El Chapo: a most wanted man

El Chapo: a most wanted man

(Photo: mac2happy)

The KONY 2012 campaign, created by the San Diego-based non-profit organization, Invisible Children, took the social media sphere by storm this week. The campaign is a documentary named after Joseph Kony, the leader of the Lord’s Resistance Army (LRA), a guerilla group originally based in Uganda, Africa that is said to have abducted at least 60,000 children. It aims to raise awareness of the various human rights violations committed by the LRA, which was established in the late 1980s.

While there has been some criticism of the documentary’s take on the issue, as well as criticism of the funding of the non-profit itself, there is no doubt that the KONY 2012 campaign is viral marketing at its best. The video already has over 21 million views on YouTube and raising awareness of human rights violations is a commendable attribute for any organization.

However, if the millions of Americans now inspired by the social activism movement truly believe the KONY 2012 message that, “where you live shouldn’t determine if you live,” then I’m curious to see how many could recognize the name: “El Chapo.”

Joaquin “El Chapo” Guzman is the Mexican drug kingpin of an alliance between powerful drug traffickers known as the Sinaloa Cartel and is the most wanted man in the western hemisphere. Guzman and his cartel are responsible for numerous human rights violations that include kidnapping, torture, and public massacres of innocent civilians, all in the name of establishing dominance over other cartels as the major supplier of the illicit drug market. Additionally, in a desperate attempt to curb the violence between the drug cartels, the Mexican government and its military and police forces have been accused of human rights violations as well.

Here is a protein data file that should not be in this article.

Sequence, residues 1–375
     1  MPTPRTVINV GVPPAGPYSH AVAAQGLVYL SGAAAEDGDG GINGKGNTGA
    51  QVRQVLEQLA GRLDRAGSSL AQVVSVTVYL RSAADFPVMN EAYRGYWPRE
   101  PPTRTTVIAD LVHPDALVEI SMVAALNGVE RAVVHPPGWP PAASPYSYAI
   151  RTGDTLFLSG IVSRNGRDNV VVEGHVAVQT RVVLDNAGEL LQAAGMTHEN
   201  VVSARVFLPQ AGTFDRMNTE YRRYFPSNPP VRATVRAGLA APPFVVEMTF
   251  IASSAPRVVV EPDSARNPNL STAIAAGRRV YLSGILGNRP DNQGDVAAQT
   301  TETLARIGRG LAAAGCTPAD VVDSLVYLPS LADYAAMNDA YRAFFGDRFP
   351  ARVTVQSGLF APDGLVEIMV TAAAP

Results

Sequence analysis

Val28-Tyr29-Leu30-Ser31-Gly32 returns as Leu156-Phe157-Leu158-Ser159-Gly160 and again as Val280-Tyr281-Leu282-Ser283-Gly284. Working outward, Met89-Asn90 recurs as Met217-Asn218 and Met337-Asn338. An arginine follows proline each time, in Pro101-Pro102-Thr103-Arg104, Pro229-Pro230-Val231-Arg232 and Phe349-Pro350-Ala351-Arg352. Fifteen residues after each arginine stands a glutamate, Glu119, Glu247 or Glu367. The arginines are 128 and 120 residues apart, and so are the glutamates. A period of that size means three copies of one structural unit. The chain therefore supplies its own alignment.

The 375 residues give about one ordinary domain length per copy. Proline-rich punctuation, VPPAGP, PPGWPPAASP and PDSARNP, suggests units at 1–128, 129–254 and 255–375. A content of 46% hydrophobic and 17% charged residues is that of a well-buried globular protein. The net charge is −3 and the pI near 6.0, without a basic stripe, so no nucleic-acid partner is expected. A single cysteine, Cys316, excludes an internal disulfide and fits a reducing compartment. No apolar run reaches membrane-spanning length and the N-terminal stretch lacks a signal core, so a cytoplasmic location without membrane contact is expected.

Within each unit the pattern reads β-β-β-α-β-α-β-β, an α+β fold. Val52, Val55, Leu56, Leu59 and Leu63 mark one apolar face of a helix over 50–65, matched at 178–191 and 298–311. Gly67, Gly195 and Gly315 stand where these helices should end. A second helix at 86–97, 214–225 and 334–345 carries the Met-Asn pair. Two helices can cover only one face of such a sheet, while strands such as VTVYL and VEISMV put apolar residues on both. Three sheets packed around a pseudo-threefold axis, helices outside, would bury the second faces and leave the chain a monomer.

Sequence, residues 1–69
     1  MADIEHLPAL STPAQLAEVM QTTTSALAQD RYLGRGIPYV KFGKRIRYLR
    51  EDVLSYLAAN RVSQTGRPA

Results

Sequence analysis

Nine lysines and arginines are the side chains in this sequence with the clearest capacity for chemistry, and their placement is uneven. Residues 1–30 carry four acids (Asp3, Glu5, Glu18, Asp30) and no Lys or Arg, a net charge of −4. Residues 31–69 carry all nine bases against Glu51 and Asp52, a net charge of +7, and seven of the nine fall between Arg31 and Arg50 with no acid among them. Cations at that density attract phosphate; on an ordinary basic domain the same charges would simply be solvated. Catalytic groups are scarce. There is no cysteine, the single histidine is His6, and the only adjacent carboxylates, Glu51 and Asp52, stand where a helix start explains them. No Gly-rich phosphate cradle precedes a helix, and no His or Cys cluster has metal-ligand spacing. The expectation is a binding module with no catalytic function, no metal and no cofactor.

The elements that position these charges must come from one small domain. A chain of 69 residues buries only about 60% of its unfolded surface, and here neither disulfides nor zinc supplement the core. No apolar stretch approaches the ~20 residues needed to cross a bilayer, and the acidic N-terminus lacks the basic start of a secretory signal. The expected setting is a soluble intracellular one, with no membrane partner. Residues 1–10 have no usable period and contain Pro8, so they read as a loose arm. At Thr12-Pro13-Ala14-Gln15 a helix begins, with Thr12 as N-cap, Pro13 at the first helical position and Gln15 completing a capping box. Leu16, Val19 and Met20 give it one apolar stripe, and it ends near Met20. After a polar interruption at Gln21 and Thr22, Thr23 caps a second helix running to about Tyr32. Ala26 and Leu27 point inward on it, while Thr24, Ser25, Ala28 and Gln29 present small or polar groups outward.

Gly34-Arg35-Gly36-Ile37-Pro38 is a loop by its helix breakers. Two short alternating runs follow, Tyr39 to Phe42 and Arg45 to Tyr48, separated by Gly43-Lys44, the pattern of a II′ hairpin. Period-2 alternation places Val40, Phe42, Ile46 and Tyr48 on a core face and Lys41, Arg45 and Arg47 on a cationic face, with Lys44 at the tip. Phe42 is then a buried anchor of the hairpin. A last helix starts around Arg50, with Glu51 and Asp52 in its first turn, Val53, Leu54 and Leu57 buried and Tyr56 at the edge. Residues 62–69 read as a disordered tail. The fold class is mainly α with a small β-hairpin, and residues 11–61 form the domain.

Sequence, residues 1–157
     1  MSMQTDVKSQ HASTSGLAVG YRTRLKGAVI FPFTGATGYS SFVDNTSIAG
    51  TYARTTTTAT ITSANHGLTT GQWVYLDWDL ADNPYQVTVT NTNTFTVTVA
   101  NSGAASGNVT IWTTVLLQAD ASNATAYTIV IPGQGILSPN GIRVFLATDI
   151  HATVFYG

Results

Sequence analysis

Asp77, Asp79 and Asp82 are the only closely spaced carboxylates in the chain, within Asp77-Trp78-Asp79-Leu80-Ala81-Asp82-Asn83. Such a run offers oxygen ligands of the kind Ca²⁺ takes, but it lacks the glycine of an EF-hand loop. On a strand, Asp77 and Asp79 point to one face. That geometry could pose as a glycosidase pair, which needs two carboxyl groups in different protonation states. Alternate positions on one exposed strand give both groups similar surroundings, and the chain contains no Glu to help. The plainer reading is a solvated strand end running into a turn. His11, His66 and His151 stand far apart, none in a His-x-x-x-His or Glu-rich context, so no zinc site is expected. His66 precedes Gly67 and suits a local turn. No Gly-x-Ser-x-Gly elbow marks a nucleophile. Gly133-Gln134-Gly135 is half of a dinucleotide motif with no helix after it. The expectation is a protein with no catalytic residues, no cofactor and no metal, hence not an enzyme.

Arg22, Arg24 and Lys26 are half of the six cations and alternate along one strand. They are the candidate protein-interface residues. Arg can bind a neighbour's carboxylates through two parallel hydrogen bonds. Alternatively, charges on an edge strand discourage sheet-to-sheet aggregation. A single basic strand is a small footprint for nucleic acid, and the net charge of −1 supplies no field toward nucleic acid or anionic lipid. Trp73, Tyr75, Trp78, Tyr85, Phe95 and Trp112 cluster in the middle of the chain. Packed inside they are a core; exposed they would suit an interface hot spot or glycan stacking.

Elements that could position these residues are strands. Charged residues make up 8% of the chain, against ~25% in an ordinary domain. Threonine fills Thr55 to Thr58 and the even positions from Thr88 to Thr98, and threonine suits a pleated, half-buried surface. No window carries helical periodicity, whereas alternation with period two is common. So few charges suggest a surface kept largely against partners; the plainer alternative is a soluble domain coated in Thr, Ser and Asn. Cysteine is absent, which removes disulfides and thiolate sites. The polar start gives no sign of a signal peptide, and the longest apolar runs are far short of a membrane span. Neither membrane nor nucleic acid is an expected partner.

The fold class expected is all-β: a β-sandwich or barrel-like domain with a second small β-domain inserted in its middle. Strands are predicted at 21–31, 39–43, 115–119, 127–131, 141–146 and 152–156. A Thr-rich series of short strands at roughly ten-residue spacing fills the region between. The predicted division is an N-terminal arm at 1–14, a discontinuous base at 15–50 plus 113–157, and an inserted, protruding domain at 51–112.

Communities in various regions of Mexico, especially in northern states nearer to the border, live in fear of losing loved ones to the chaos. Many are either enticed by the financial promise of the drug market not afforded to them through the regular job market or fall victim to the random acts of violence in the country.

With hopes of raising American awareness of the human rights violations in Juarez, Mexico, photographer Dominic Bracco II shot a documentary focusing on conditions there. REUTERS has also contributed to raising awareness with a visual documentation of life in Juarez. And in 201o, Ni Una Mas sought to raise awareness of the murders in Juarez as well as to remember all of the women who were victims of these crimes.

If Americans are serious about having a vested interest in raising awareness of human rights violations around the world, then they should first look in their country’s own back yard. While no one is arguing what is, or is not, newsworthy, or which crimes merit more attention from the international community; Americans supporting the KONY 2012 campaign should also take the time to consider and raise awareness of the human rights violations occurring in Mexico, and in other regions of the world, partially as a direct result of some of their government’s own policies.


This article originally appeared in Being Latino.